The Government of Switzerland – Leading the Promotion of Responsible Security Around the World

We talked to Rémy Friedmann, Senior Advisor at the desk for human security and business in the Human Security Division of the Swiss Federal Department of Foreign Affairs and Chair of the Board of Directors of ICoCA about why Switzerland is leading efforts to raise standards in the security sector to ensure respect for human rights and humanitarian law.

Why is Switzerland taking the leading role in promoting responsible private security around the world?

Switzerland’s involvement in helping to improve international standards and accountability for Private Security Companies stems from its long humanitarian tradition and commitment to promote the respect for international humanitarian law and human rights in any context worldwide.

The Montreux Document on Private Military and Security Companies of 2008 and the International Code of Conduct for Private Security Service Providers (the Code), launched in 2010, are a good example of what Switzerland tries to promote with its Foreign Policy. A Foreign policy which puts Human Rights and international humanitarian law among its main priorities, but also a Foreign policy, which in terms of concrete achievements remains always pragmatic and result-oriented.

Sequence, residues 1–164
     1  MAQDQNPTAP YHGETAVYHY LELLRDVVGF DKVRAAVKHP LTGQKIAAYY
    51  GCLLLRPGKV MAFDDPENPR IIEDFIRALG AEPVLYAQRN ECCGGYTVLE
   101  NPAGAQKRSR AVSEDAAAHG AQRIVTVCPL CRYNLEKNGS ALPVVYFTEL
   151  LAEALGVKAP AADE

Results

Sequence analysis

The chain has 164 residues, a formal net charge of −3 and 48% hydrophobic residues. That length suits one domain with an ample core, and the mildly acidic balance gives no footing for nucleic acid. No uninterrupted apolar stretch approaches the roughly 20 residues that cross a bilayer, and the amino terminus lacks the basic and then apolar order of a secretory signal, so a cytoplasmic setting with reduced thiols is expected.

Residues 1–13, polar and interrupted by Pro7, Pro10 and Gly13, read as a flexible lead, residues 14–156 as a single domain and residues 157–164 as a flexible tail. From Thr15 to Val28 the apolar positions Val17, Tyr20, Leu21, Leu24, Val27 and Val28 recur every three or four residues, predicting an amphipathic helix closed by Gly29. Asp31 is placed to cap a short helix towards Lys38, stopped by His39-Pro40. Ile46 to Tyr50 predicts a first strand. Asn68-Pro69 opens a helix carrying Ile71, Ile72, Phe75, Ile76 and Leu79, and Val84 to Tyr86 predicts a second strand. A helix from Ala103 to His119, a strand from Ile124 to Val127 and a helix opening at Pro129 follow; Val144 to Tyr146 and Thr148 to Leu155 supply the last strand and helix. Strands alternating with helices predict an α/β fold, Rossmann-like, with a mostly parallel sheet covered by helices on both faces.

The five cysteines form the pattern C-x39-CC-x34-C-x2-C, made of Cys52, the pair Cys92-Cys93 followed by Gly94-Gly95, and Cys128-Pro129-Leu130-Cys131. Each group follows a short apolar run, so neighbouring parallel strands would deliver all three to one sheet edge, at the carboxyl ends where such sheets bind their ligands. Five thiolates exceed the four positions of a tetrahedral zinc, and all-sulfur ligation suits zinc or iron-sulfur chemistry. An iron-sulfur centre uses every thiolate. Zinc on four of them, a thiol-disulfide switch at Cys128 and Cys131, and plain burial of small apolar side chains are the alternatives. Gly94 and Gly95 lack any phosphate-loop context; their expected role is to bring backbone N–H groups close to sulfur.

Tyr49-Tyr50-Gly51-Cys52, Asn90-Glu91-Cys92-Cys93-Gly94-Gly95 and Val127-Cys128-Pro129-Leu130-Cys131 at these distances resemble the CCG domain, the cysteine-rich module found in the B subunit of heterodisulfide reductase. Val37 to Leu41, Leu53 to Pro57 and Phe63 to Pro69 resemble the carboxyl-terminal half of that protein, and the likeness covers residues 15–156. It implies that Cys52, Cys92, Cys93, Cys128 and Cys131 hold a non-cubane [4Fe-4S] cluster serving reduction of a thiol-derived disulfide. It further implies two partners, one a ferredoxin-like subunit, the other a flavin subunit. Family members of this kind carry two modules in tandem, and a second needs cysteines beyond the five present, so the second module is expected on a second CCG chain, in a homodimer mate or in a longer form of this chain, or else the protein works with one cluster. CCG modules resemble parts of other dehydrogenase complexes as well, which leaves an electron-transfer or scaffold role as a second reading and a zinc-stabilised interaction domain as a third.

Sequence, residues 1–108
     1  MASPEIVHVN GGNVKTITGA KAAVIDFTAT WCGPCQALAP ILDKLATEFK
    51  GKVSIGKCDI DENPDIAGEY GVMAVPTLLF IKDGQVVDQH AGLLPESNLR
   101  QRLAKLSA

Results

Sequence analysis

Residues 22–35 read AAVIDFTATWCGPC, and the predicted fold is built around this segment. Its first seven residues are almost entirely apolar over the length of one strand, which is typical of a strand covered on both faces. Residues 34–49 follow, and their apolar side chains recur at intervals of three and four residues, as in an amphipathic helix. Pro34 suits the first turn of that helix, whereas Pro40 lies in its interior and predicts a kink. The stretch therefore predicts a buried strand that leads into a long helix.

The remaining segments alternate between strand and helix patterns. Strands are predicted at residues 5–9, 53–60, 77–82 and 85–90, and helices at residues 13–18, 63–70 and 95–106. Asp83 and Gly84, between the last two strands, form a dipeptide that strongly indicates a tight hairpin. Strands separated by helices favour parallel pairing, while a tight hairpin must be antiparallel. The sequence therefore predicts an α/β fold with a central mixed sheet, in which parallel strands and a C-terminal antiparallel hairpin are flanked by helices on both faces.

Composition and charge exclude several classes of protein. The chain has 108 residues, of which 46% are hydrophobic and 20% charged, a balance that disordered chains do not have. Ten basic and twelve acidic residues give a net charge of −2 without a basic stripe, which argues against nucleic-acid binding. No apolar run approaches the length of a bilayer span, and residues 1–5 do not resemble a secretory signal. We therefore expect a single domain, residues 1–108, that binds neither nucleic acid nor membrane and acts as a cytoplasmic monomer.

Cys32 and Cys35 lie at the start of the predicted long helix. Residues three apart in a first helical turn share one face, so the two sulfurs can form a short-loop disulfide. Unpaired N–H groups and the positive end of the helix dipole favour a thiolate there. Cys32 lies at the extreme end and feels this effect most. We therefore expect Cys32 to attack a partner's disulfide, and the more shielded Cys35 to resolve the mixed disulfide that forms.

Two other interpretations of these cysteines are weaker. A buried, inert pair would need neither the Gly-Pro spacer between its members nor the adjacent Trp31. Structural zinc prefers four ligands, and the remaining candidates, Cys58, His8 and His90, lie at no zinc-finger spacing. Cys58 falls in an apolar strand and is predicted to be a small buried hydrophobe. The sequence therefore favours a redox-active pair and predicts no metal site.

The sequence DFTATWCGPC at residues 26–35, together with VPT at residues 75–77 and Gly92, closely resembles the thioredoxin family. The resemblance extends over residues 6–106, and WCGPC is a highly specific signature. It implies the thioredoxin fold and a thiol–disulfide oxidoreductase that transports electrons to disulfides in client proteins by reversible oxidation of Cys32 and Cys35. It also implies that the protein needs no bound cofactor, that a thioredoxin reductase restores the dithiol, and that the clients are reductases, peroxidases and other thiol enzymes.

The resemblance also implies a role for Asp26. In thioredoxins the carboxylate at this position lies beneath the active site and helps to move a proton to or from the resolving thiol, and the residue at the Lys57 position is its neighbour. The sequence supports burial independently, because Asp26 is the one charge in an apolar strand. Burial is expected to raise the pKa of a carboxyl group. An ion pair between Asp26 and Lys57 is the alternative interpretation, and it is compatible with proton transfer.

When launching these initiatives, we were keenly aware that the use of Private Security Companies (PSCs) is a politically very sensitive issue. As a result, we spent considerable time and effort to explain our goal was not political but of a strictly humanitarian nature. It proved to be particularly important to explain that we did not intend in any way, shape or form to either legitimise or condemn this particular business.

 

What are some the key actions the Swiss government has taken in promoting responsible security?